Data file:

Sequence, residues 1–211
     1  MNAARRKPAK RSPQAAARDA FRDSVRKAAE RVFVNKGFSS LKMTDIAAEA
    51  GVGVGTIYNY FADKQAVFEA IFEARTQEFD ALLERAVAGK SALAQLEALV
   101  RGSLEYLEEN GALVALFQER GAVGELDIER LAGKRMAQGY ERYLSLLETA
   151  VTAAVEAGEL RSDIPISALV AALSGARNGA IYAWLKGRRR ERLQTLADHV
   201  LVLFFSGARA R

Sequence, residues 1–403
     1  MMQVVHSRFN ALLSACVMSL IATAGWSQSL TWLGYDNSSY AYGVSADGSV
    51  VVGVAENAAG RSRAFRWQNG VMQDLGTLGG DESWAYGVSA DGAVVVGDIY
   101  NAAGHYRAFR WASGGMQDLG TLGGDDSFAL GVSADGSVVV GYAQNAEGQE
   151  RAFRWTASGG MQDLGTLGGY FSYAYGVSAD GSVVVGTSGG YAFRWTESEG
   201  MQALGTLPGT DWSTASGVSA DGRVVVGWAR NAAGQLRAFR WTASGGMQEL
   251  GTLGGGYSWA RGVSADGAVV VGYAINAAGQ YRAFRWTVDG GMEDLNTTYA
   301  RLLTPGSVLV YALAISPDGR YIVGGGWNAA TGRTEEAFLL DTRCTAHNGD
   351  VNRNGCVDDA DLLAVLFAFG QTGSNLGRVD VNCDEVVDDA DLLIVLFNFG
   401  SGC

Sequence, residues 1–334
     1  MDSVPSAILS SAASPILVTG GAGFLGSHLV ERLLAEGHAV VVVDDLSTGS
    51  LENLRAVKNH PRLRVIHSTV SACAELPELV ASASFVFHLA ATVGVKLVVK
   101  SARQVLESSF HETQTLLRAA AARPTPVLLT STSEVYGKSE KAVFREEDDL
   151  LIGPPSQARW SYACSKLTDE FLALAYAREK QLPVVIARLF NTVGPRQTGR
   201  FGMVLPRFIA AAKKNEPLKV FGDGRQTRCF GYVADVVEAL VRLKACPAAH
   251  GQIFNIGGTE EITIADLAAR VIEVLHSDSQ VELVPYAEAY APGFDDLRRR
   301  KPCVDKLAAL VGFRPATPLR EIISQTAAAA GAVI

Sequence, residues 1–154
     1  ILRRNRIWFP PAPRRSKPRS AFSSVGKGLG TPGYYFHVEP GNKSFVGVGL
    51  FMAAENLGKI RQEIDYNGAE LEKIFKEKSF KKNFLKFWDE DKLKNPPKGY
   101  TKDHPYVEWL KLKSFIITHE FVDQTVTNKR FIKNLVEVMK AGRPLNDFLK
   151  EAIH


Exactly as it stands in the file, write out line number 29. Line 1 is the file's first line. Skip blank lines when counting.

   151  EAIH